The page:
Blog Entry

Selig does not overturn Joyce's call

Posted on: June 3, 2010 2:59 pm
Edited on: June 3, 2010 3:33 pm
 

Baseball is not inclined to reverse umpire Jim Joyce's call and retroactively award Detroit pitcher Armando Galarraga a perfect game. At least, not today. And not in the future, according to a baseball official who is not authorized to speak on the record.

What baseball is inclined to do, according to Commissioner Bud Selig, is this:

"Given last night's call and other recent events, I will examine our umpiring system, the expanded use of instant replay and all other related features. Before I announce any decisions, I will consult with all appropriate parties, including our two unions and the Special Committee for On-Field Matters, which consists of field managers, general managers, club owners and presidents.”

So to (instantly) review:

Consult and deliberate, yes.

To order history changed, no.

Selig, in a statement, also congratulated Galarraga on "a remarkable pitching performance", adding that "all of us who love the game appreciate the historic nature of his effort last night."

He also acknowledged the "dignity and class of the entire Detroit Tigers organization", noting that the Tigers "were truly admirable and embodied good sportsmanship of the highest order."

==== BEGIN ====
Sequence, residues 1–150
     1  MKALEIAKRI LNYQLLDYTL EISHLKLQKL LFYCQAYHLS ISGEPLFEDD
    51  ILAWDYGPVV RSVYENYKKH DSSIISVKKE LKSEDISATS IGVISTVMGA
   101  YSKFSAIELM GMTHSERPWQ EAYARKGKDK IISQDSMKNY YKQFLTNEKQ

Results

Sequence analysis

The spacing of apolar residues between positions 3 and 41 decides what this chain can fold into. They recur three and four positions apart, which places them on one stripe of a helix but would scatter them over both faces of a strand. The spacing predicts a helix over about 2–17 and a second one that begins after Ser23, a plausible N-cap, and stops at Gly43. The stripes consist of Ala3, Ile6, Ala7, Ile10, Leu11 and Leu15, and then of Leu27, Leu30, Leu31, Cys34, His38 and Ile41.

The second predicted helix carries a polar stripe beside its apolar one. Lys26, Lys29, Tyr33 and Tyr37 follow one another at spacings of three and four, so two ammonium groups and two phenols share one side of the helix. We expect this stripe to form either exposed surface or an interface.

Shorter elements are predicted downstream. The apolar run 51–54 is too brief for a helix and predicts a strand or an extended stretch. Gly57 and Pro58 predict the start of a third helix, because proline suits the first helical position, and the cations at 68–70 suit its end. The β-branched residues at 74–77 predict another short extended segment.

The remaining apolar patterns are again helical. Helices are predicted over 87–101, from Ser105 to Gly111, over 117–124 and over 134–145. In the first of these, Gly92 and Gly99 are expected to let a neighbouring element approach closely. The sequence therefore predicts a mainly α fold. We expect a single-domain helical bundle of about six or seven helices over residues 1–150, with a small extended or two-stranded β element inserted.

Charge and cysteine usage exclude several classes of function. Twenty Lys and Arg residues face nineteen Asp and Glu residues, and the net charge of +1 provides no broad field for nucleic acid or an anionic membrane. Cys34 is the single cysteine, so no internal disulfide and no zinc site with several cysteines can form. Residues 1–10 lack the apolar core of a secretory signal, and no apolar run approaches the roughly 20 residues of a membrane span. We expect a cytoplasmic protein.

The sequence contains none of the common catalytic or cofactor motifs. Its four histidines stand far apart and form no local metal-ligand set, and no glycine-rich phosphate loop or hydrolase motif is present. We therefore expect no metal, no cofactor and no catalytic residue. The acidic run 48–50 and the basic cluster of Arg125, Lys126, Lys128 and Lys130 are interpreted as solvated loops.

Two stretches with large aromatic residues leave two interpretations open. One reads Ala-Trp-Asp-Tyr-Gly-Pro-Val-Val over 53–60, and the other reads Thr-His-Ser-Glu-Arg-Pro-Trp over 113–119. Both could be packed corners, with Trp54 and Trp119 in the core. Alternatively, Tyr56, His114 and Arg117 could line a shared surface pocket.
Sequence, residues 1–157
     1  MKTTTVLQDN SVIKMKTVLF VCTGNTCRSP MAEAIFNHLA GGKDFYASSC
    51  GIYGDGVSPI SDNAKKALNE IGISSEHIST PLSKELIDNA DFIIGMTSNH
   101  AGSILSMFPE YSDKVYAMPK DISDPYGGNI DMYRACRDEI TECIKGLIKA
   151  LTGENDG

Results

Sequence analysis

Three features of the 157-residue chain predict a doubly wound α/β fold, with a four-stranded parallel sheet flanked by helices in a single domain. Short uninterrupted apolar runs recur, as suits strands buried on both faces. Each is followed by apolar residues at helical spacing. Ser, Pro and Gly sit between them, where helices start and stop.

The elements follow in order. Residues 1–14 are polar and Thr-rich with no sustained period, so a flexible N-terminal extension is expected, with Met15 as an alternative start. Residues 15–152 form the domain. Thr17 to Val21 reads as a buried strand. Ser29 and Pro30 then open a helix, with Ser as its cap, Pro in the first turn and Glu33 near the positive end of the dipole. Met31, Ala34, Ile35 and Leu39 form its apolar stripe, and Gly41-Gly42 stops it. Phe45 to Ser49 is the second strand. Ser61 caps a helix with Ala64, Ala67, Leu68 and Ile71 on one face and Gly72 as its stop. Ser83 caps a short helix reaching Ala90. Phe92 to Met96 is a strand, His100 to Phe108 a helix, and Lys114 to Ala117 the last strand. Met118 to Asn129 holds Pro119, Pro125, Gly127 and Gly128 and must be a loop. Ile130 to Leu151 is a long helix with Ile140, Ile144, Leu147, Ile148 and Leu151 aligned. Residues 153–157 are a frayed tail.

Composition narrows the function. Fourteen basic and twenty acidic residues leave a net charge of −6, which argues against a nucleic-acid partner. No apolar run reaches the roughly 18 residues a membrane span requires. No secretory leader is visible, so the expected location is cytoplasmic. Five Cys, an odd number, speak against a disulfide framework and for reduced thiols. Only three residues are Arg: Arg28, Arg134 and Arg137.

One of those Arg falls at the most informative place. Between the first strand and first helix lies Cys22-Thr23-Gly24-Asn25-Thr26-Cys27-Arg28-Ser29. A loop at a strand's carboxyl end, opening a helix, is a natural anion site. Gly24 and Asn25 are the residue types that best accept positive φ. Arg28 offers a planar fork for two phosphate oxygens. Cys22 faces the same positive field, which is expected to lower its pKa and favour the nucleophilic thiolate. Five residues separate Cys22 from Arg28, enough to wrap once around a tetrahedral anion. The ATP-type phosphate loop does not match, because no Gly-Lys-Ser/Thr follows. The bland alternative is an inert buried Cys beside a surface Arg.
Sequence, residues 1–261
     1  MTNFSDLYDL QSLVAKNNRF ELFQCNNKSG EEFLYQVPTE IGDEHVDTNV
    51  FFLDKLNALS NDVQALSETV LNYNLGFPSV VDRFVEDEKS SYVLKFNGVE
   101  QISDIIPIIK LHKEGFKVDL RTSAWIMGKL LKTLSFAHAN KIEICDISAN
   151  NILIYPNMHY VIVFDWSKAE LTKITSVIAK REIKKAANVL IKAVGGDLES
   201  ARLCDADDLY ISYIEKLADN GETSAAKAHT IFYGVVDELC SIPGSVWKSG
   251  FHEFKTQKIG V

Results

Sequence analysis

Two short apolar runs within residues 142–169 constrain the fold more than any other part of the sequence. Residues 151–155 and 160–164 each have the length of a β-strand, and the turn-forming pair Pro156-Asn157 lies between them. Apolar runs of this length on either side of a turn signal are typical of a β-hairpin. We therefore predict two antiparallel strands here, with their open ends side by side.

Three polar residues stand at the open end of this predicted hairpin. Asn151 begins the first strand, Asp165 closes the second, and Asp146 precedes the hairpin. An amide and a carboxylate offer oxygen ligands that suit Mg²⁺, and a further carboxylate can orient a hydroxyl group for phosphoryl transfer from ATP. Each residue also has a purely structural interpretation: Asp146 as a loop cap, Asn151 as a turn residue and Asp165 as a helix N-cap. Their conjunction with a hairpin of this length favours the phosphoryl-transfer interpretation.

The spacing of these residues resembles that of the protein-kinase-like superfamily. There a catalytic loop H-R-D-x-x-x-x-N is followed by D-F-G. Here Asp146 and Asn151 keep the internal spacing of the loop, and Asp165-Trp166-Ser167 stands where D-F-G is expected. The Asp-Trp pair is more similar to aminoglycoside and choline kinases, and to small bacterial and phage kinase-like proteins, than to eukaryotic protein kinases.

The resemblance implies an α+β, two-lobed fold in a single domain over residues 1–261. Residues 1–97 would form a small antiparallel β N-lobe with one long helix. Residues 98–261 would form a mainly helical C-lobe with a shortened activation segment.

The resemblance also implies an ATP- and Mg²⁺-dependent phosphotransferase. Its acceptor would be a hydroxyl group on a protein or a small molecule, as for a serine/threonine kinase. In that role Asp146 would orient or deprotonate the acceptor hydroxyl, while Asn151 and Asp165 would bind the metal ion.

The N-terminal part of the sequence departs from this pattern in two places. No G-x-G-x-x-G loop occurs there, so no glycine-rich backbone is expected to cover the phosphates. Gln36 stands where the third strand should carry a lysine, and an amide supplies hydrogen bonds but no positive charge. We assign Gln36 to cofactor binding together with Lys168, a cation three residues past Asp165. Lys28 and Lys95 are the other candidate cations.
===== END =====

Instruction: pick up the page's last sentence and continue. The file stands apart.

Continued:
And finally, he said: "As Jim Joyce said in his postgame comments, there is no dispute that last night's game should have ended differently.  While the human element has always been an integral part of baseball, it is vital that mistakes on the field be addressed."

 

Comments

Since: Jan 13, 2007
Posted on: June 3, 2010 6:24 pm
 

Selig does not overturn Joyce's call

This is the typical handling of the Detroit franchise by the MLB.  If this were NY the call would be reversed and Armando would receive votes for the Hall of Fame.  Careful there Selig or baseball will become as fixed as the NBA, NHL, and the WWE.



Since: May 2, 2010
Posted on: June 3, 2010 6:23 pm
 

Selig does not overturn Joyce's call


Instant replay works in all other professional sports, see why the MLB could benefit as well at




Since: Dec 10, 2009
Posted on: June 3, 2010 6:21 pm
 

Say What???

From Selig's own statement

1. No dispute the game should have ended differently.